As a gay man, Austin Nation, PhD, RN, PHN, understands the health care barriers faced by many lesbian, gay, bisexual, transgender, and queer (LGBTQ) patients. As a nurse and educator, he’s working to increase awareness and address the health disparities that continue to exist in the LGBTQ community.
An assistant professor of nursing at California State University, Fullerton (CSUF), Nation lived through the 1980s AIDS crisis, and has worked with many patients in the HIV/AIDS community. While he acknowledges an HIV diagnosis is no longer a death sentence thanks to increased funding and better treatment, Nation has also seen how young gay black and Latino men continue to be disproportionately affected by HIV/AIDS. The Centers for Disease Control and Prevention (CDC) report that 1 in 2 black men and 1 in 4 Latino men will be diagnosed with HIV during their lifetime.
“We’re not reaching all of the people we need to reach,” Nation says. “In order to get to zero new HIV infections, we need to figure out how to engage these populations.”
While treatments have transformed HIV into a chronic but manageable illness, many people are not aware of how prevention efforts that use antiretroviral treatment, and pre-exposure prophylaxis (PReP), an HIV-medication that when taken consistently, can lower the risk of getting infected by more than 90%. Despite being widely available, the CDC notes that while two-thirds of the people who could benefit from PrEP are black or Latino, they account for the smallest amount of prescriptions to date.
To that end, Nation has worked to address the tenuous relationship many people of color and members of the LGBTQ community have with the health care system. Statistics from the Kaiser Family Foundation show that LGBTQ patients often face challenges and barriers in accessing health services including stigma, discrimination, the provision of substandard care, and outright denial of care because of their sexual orientation or gender identity.
“I’ve led LGBTQ cultural competency trainings to teach nurses and nursing students how to provide inclusive services and care for LGBTQ patients,” Nation says. “By knowing whether a patient is gay, lesbian, transgender, straight, or bisexual, and how to best communicate, nurses can identify potential health disparities and care for their patients more effectively.”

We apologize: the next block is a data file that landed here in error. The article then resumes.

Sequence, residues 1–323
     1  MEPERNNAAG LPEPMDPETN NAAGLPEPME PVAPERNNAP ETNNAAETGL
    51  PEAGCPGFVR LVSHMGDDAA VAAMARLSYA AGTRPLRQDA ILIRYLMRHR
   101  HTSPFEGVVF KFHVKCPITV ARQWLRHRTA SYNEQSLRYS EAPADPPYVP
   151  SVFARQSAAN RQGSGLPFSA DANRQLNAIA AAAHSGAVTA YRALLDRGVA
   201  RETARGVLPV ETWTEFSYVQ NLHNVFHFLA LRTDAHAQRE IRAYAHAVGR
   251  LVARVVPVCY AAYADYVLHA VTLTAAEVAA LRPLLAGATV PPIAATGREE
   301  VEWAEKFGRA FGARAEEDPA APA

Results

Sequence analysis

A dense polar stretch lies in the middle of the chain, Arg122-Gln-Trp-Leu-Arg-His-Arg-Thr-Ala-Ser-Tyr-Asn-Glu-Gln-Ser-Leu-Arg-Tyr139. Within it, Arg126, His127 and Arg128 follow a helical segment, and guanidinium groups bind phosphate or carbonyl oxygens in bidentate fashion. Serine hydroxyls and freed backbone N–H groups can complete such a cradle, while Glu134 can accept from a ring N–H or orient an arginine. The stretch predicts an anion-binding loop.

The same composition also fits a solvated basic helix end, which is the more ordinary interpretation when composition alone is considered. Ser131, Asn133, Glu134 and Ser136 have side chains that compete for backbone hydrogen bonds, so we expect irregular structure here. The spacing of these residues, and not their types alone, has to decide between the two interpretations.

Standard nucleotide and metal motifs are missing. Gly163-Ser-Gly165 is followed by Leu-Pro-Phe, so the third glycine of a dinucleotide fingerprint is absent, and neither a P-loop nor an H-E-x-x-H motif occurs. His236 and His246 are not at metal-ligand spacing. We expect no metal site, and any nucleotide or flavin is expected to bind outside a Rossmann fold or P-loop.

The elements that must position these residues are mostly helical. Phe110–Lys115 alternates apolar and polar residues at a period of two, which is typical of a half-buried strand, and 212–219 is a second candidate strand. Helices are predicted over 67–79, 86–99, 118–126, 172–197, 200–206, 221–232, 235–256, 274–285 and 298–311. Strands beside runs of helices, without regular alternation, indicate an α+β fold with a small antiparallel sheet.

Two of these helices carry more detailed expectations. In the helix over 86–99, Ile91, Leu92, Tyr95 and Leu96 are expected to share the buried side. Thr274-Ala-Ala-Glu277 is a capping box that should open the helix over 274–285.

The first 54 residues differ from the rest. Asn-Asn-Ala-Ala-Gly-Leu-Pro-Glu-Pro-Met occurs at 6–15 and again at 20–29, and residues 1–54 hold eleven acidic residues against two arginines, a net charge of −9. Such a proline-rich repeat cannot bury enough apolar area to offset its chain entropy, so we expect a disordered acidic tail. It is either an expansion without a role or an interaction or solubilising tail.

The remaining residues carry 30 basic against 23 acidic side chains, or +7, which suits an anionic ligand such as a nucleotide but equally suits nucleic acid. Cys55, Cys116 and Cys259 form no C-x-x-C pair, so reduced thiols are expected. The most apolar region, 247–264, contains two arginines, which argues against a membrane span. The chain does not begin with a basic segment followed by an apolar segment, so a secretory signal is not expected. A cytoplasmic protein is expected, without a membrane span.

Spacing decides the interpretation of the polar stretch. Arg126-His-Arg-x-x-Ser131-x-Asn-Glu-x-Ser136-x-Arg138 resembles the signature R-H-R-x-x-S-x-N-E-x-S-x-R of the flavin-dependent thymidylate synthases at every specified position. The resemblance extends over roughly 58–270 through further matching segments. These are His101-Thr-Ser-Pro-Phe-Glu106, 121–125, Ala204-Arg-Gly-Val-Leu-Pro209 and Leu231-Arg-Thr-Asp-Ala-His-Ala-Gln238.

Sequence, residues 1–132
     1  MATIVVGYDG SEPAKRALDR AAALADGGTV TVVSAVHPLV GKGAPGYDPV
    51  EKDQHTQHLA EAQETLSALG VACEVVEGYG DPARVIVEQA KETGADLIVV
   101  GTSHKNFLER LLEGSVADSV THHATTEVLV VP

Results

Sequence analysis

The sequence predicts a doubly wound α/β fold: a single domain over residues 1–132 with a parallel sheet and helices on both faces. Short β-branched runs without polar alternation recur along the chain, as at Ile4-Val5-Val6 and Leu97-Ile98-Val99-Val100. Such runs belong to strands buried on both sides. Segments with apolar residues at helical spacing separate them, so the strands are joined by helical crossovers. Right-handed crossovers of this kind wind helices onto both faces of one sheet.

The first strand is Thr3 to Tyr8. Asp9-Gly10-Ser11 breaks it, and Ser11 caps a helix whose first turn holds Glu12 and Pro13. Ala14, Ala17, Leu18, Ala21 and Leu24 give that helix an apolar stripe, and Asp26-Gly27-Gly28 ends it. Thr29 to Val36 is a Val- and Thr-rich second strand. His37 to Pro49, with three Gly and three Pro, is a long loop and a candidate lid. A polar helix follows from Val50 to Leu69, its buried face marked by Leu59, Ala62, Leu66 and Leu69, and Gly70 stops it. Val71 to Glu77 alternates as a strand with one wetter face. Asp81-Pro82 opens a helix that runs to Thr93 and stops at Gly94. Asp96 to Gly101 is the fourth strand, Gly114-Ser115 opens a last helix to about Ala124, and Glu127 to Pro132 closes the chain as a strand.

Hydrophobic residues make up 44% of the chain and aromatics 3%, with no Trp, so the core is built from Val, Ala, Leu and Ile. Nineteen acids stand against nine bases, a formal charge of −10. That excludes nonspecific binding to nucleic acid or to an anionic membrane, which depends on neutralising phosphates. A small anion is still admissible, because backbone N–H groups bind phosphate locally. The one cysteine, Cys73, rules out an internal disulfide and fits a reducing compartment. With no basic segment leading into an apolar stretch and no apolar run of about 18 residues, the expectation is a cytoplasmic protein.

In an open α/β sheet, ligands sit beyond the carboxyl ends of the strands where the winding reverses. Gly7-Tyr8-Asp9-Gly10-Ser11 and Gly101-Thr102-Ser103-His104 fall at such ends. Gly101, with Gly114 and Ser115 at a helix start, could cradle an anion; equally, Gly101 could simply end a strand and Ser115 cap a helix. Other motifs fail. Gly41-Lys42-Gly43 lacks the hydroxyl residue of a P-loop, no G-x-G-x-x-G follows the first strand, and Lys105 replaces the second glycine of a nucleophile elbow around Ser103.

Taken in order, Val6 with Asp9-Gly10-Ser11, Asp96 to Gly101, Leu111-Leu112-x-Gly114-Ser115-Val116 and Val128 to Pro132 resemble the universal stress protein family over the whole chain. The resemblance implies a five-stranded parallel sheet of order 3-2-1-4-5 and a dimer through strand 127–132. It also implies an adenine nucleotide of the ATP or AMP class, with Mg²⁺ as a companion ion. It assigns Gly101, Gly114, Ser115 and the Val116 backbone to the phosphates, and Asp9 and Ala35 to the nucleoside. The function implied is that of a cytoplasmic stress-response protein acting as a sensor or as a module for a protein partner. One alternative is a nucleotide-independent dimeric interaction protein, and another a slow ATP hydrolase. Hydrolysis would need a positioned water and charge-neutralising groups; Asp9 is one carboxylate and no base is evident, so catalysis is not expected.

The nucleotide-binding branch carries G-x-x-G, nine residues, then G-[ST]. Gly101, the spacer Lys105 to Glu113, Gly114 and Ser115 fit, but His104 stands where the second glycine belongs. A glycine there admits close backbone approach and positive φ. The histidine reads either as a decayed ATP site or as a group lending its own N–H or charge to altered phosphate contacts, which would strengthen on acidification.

On the CSUF campus, Nation has also been a part of the university’s Faculty Noon Time Talks, discussing health care disparities within the African American community. In addition, he is working with faith leaders to adopt a more inclusive environment for LGBTQ individuals who may be reluctant to come out and subsequently don’t receive HIV testing or prevention counseling.
“I also teach a public health course at CSUF where we discuss vulnerable patient populations including the LGBTQ community,” Nation says. “I try to integrate real-world experiences into the course curriculum.”
Nation believes that all nurses can help to achieve diversity and meaningful inclusion, whether they are part of the LGBTQ community or an ally. “Have a voice and be an advocate,” he says. “One person can make a difference.”
Navigating Cancer Care with LGBTQ Patients
As an oncology nurse and LGBTQ advocate, Megan Ober, RN, MS, BSN, OCN, a case manager at the Palliative Care Clinic at the UC Davis Comprehensive Cancer Center in Davis, California, often finds herself bridging the gap between providers and LGBTQ patients.
“Many health care providers work under the assumption that all patients are heterosexual,” says Ober. “It’s important to create a welcoming environment for LGBTQ patients in order to educate them on cancer risk factors and ensure they receive preventative screenings.”
Ober says LGBTQ patients often feel they are being judged and are reluctant to share their sexual orientation or gender identity out of fear of being turned away from health care providers. This distrust can lead to some LGBTQ not seeing a doctor regularly for check-ups and screenings, delaying diagnoses and not receiving information on treatments that might help either their physical or emotional health.
Over the years, Ober has given presentations to staff on LGBTQ disparities in cancer care and risk factors that lead to greater cancer incidence and later-stage diagnoses. These disparities include:
- Anal cancer. It’s rare in the general population, but 34 times more prevalent in gay men.
- Cancer screenings. According to the American Cancer Society, lesbians and bisexual women get less routine health screenings than other women including breast, colon, and cervical cancer screening tests.